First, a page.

He first started at WBEZ in 2010 as a producer on Morning Edition, and later worked his way up to the politics beat. As a reporter, he had a particular interest in covering municipal finance, the state and city pension crises, and the debates over LGBT rights and gun rights. His 2014 series on the “Dark Arts of Politics” was recognized with awards from the Press Club of Atlantic City, the Society of Professional Journalists, PRNDI, the RTNDA and the Illinois Associated Press. He’s also twice been named Best Newswriter by the Illinois AP, in 2011 and 2013.
Starting in late 2014, Alex was the local All Things Considered host at Vermont Public Radio, where he also launched a people-powered journalism podcast called Brave Little State,
Stories by Alex Keefe
More than 4 million homes and businesses – 70% of Illinois’ population – have already paid the price for ComEd’s bribery scandal. WBEZ Political Editor Alex Keefe analyzes how this public corruption scheme has affected your wallet.
The new advisory takes effect in Chicago Monday morning, and only requests residents limit their time outside of the house. But the governor is threatening a shut down soon.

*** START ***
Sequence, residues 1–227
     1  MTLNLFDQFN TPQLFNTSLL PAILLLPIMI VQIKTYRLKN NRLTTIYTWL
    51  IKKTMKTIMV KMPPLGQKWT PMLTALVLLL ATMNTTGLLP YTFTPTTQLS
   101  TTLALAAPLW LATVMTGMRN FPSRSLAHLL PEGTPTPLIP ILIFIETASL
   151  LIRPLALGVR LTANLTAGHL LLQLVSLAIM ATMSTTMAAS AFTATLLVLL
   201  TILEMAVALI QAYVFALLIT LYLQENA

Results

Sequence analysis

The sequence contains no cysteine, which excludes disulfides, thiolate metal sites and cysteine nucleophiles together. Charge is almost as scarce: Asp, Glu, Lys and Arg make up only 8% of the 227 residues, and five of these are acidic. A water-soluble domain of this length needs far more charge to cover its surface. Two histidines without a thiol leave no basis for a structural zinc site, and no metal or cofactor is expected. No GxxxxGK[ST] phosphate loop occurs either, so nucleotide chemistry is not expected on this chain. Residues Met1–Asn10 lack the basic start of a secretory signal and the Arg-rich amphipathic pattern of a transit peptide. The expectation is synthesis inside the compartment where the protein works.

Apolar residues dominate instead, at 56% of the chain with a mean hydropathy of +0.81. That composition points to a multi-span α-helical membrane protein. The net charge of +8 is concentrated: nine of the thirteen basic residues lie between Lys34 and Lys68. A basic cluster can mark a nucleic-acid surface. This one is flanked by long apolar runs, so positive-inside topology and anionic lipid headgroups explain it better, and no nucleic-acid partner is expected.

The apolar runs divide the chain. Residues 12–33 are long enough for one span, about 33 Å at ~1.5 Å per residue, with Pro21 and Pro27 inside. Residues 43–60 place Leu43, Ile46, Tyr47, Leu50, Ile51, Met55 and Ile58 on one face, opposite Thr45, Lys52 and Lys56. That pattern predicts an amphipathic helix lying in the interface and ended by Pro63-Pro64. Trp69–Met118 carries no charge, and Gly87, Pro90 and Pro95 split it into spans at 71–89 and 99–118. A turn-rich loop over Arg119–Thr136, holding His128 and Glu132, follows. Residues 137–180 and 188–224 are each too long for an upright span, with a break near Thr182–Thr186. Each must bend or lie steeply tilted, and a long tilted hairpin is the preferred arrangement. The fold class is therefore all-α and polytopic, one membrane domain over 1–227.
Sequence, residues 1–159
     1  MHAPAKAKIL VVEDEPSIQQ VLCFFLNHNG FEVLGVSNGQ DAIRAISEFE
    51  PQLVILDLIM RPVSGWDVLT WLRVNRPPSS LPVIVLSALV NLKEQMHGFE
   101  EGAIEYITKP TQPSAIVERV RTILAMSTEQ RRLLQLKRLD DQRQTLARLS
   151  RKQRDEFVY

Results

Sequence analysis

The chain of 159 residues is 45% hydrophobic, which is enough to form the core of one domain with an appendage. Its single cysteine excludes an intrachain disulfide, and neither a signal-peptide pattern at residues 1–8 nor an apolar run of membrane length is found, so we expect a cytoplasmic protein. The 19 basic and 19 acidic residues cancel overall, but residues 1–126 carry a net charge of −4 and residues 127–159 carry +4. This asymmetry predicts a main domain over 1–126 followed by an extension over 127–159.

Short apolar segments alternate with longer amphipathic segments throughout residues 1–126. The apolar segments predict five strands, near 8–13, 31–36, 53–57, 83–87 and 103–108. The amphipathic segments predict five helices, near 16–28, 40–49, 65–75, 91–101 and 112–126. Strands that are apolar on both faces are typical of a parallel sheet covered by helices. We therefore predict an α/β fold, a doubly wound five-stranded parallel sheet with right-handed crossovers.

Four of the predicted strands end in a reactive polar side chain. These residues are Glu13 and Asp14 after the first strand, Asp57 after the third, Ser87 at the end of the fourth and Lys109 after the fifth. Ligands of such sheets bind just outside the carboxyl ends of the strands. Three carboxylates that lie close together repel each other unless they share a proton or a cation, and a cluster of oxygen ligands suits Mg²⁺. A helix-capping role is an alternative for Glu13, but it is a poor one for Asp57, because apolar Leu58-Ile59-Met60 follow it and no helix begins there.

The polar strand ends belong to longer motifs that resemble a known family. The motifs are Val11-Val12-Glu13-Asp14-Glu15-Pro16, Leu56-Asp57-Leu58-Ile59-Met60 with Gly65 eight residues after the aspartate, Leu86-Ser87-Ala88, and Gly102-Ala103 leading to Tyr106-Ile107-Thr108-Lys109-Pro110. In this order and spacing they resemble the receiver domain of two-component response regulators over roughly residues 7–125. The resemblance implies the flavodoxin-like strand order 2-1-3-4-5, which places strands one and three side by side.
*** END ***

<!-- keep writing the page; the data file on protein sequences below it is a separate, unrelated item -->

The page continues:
Mayor Lori Lightfoot ordered bars to suspend indoor service and nonessential businesses to close by 10 p.m. as COVID-19 case counts rise above 640 a day.
If you were confused by Gov. JB Pritzker’s new reopening plan for Illinois, you aren’t alone. We’ll walk you through it.
As the state saw a day of over 1,000 COVID-19 cases, Pritzker split the state into 11 regions, with new “mitigation” measures if cases surge.
Despite days of looting and civil unrest, Chicago Mayor Lori Lightfoot announced this morning that the city will ease COVID-19 restrictions as planned starting Wednesday.
Illinois Gov. JB Pritzker tonight derided President Donald Trump’s threat to deploy the U.S. military to American cities to quell violent protests, calling the idea “illegal” and “ridiculous.”
Chicago public safety officials fielded more than 10,000 calls about looting during a weekend of protests and civil unrest.
The four-day session dominated by the COVID-19 fallout ended early Sunday morning in Springfield.
Speaker’s top aide and utility’s chief advocate in Springfield discussed finding jobs at the power company for former aides.